Unreasonable Refusal to Rehire

Picture this: an employee tweaks his back at work. He goes to Human Resources like he’s always been told to do and tells HR that he hurt himself. HR sends the employee to see a doctor and when he returns the next day, he’s pulled into a meeting and told that he’s fired or perhaps that “The company is going in a different direction.” Seems a bit “odd,” right? Like maybe there’s some sort of law against this sort of thing? Congratulations, this may be the only time you get told today that you are 100% correct! 

We all know that Wisconsin is an “at-will” state – meaning an employer can terminate an employee for any reason or no reason whatsoever, so long as the termination isn’t unlawful – but this scenario, commonly referred to as an “Unreasonable Refusal to Rehire” claim, is an exception to the at-will doctrine. Under Wisconsin law, if an employer fires an employee or refuses to hire one after he suffers a compensable injury (aka, an injury subject to coverage under worker’s compensation), the employee could be entitled to up to one year’s wages.

In order to establish an Unreasonable Refusal to Rehire claim, an employee must prove the following: (1) that he is an employee of the employer; (2) that he suffered a compensable (aka, work-related and covered) injury; (3) that the employer denied rehire to or terminated him; and (4) that the denial or termination was because of his compensable injury. Once these facts are established, the employer can rebut or disprove the claim by showing that the action it took (denial or termination) was reasonable and unrelated to the injury.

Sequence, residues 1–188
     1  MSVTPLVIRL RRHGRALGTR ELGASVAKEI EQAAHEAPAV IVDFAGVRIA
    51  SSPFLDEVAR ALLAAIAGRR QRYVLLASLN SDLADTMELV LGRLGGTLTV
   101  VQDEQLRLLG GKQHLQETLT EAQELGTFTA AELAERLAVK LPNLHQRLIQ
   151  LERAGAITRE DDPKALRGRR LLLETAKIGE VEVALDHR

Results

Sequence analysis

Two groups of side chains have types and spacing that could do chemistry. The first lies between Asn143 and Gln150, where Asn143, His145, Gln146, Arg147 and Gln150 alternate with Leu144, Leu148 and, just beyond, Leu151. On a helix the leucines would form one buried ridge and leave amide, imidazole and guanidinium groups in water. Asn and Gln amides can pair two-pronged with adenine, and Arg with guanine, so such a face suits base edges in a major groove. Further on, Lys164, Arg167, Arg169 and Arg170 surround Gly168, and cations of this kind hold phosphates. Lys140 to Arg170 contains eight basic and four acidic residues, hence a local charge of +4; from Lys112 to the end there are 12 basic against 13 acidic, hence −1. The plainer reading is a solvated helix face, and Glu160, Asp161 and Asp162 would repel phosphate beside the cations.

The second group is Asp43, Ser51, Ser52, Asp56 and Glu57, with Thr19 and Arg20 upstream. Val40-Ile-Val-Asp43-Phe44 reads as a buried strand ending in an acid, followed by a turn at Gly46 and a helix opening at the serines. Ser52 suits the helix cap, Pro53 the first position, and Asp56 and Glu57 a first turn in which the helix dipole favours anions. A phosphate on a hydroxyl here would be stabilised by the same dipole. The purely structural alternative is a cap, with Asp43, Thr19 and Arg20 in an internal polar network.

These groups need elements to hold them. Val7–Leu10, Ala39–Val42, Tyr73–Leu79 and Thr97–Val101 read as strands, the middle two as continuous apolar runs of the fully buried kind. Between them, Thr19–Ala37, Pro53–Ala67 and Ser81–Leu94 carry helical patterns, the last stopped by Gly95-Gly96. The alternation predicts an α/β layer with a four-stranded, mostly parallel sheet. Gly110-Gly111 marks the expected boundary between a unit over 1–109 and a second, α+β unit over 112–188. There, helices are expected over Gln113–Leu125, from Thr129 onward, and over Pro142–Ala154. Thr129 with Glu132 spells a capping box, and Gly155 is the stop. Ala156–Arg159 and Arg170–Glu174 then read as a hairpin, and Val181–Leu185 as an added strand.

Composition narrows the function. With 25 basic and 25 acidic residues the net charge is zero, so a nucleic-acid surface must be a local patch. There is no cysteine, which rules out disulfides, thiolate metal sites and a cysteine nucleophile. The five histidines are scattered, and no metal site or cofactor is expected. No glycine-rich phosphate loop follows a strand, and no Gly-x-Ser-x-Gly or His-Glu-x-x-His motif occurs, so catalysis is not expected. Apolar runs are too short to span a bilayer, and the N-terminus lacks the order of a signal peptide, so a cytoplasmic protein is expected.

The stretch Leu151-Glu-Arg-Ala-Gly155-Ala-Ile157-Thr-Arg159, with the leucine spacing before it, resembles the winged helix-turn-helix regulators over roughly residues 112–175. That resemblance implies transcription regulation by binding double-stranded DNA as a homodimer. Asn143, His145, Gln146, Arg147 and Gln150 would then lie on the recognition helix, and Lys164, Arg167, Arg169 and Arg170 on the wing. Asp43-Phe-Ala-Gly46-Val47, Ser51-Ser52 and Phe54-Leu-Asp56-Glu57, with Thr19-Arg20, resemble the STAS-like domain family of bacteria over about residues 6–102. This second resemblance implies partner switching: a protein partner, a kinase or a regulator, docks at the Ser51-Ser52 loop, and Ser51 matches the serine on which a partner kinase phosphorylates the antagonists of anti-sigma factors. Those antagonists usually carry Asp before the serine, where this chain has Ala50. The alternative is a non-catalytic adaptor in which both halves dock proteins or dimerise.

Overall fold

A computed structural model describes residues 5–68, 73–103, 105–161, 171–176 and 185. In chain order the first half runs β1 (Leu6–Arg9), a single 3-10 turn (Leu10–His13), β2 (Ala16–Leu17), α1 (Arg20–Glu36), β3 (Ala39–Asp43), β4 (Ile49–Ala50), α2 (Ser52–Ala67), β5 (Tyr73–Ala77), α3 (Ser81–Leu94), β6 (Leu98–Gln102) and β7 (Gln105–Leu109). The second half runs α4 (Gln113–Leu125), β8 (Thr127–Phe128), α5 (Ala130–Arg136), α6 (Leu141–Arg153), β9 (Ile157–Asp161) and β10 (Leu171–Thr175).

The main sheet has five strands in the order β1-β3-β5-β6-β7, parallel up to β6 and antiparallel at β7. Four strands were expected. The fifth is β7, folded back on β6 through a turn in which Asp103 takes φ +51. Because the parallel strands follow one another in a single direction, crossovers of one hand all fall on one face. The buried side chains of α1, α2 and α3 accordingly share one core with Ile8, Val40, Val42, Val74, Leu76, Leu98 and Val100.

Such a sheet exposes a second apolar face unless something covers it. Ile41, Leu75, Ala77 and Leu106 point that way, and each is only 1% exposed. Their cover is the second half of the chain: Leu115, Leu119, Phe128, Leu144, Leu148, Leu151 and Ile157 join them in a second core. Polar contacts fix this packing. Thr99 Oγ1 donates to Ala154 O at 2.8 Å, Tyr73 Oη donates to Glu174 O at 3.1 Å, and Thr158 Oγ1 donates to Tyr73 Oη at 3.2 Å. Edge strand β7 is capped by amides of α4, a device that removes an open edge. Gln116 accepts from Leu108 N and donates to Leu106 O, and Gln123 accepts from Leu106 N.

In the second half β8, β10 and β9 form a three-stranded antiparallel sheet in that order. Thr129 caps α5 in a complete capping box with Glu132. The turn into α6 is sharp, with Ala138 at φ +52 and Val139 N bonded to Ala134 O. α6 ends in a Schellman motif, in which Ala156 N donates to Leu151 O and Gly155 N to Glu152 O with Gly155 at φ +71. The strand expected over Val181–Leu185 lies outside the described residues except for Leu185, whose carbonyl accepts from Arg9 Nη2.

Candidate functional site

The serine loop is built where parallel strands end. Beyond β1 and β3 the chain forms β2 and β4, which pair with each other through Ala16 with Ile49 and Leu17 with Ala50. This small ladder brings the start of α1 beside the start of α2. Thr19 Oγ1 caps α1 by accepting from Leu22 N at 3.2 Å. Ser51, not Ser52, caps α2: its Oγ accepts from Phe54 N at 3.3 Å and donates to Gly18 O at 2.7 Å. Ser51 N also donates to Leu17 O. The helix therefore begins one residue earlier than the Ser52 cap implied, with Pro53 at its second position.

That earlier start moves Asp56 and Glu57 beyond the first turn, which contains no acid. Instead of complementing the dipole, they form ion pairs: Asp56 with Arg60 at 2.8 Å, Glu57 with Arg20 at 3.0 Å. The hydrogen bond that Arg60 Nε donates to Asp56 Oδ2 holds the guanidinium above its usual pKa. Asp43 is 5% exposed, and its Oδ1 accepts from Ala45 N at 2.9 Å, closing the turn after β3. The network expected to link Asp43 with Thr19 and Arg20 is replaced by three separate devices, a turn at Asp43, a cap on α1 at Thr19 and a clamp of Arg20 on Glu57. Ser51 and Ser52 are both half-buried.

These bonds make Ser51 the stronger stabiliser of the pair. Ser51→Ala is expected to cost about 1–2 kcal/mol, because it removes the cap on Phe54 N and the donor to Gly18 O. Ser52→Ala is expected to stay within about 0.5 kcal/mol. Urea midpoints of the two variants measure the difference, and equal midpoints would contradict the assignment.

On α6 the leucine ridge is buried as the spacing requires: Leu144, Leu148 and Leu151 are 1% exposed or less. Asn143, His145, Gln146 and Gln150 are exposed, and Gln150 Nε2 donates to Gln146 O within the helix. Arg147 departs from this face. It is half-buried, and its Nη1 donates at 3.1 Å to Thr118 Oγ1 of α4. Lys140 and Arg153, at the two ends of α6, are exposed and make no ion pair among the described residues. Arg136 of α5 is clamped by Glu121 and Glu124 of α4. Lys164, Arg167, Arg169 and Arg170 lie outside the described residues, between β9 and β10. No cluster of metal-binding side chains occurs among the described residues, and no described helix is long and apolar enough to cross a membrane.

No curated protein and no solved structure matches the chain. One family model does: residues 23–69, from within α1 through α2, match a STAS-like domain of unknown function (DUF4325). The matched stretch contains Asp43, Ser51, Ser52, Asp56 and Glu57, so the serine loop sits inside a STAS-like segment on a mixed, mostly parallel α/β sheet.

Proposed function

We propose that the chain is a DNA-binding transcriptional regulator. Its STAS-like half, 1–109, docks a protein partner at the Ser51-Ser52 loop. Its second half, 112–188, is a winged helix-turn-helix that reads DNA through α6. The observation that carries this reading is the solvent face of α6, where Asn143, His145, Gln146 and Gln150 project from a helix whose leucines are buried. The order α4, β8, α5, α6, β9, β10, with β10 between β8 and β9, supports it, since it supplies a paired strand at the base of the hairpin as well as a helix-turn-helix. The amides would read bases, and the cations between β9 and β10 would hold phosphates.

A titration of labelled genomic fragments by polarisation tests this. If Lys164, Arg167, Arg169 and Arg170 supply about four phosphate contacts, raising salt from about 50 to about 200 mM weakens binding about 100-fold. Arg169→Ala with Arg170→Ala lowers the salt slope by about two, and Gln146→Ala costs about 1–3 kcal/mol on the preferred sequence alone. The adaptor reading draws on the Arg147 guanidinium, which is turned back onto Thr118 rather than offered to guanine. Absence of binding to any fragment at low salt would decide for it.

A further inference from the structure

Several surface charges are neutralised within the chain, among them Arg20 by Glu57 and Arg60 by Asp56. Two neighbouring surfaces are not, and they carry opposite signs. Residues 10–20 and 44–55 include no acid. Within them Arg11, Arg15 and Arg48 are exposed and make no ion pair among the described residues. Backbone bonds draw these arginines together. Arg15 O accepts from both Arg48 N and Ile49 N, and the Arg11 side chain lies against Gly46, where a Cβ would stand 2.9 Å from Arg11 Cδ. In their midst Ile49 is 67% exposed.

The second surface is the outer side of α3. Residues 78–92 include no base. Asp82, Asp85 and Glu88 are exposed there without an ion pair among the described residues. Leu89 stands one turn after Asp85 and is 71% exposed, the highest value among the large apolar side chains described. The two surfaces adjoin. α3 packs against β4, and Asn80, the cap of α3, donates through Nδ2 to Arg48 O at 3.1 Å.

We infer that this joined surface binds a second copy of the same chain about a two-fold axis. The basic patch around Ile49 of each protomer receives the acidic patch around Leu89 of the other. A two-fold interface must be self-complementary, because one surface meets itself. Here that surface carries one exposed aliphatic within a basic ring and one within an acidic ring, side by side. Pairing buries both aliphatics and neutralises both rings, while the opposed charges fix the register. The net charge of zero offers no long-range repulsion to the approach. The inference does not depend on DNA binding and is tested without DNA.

The purpose of the law is obvious: to prevent employers from/punish them for discriminating against employees who suffer work-related injuries. In this regard, employers must be diligent in ensuring that if an employee suffers a work-related injury, that employee is not terminated due to or because of that injury.

Does this mean that an employee who suffers a workplace injury cannot be fired in any circumstance? No. However, it does mean that if you are thinking about firing that employee, you better have a good (and well-documented) reason to do it that is unrelated to his injury. The timing alone will raise red flags in the employee’s mind and those of others, which has a tendency to lead to quality time with your attorney.

**NOTE: These claims are not covered by insurance! Because Wisconsin employers are required to carry worker’s compensation insurance, it often comes as a surprise that Unreasonable Refusal to Rehire claims are not covered, meaning that employers face direct, out-of-pocket liability. Be sure to immediately contact a knowledgeable, Wisconsin attorney (wink) if you get notice of such a claim.

If you are or may be facing an Unreasonable Refusal to Rehire claim, immediately contact our attorneys in our Brookfield, Appleton, or Kenosha offices. At Walcheske & Luzi, LLC, YourWork is Our Work – whether you live in Milwaukee, Sussex, Oshkosh, Green Bay, Racine, or anywhere in between, our experienced attorneys will work with you to create practical, cost-effective solutions to your workplace issues.